(CNN)A new bill in Florida might mean no more joyrides for Fido.
A bill moving through the Florida legislature would forbid dogs from sticking their head out of car windows, in addition to a host of other measures.
The proposed measure is part of Senate Bill 932, a sweeping animal welfare bill sponsored by senate minority leader Lauren Book.
Section 1 of the bill deals with transporting dogs in cars. The section would prohibit Floridians from allowing "a dog to extend its head or any other body part outside a motor vehicle window while the person is operating the motor vehicle on a public roadway."
The bill says violators would be subject to a noncriminal traffic infraction, considered a moving violation.
The section also includes other regulations on how dogs can be transported in cars. The bill would ban Floridians from holding dogs in their lap while driving, or transporting their dogs via the car's running board, fender, hood, roof, or trunk. Instead, it stipulates dogs in motor vehicles on public roadways must be either secured in appropriately-sized crates, restrained with a harness or pet seat belt, or "under the physical control of a person other than the operator of the motor vehicle."
In addition, the bill proposes new restrictions on declawing cats, cosmetic animal testing, animal cruelty, and the sale of rabbits.
Section 9 of the bill would create an "animal abuse registry," much like the registries that currently exist for sex offenders. Starting January 1, 2024, information on people convicted of animal abuse would be posted to a publicly accessible state website. The registry would include each offender's legal name and aliases, address, date of birth, and photograph. Registered abusers would also not be permitted to "own, possess, or reside in the same residence with or on the same property as an animal unless authorized to do so in a court order."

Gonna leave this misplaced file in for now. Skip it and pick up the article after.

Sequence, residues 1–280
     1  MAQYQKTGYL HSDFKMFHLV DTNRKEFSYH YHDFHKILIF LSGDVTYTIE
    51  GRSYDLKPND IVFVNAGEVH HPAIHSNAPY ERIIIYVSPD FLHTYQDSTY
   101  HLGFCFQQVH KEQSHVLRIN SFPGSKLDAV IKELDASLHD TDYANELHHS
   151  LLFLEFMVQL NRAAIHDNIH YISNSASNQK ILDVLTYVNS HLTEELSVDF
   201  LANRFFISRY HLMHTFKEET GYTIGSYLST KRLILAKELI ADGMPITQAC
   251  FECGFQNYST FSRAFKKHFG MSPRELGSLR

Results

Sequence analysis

State senator says she's open to amending legislation, but wants to protect animals
Book, the senator who sponsored the portion of the bill tied to car windows, said she is open to amending the legislation "while protecting the intent of the animal welfare."
Book said in a statement shared with CNN her family has three dogs that "love sticking their heads out the window."
"I welcome and appreciate all public comment on this issue, which is only one piece of a complete proposed overhaul of the state's animal welfare system as brought to me by veterinarians and advocates," she went on.
After news of the proposed bill got out, commentators on Book's Facebook page aired their grievances in the comments section on an unrelated post.
"Talked to my dog, he said his body, his choice and to mind your own business when it comes to how he chooses to enjoy a ride in the car," one commenter wrote.
"You are against dogs sticking their head out the window? Seriously people cannot afford rent but this is your worry," another wrote.
Book added, "We can easily amend this piece out of the bill while protecting the intent of the animal welfare community and vets who proposed the policy because of unintended injuries they've treated — and we will."
The American Veterinary Medical Association says on its website allowing a dog to hang its head out of a car window is always "a very risky venture for the dog."
The practice "means your dog isn't properly restrained," increases the risk of injury from "airborne objects," and increases the risk of the dog falling out of the window, being thrown from the vehicle during a crash, or jumping out of the vehicle.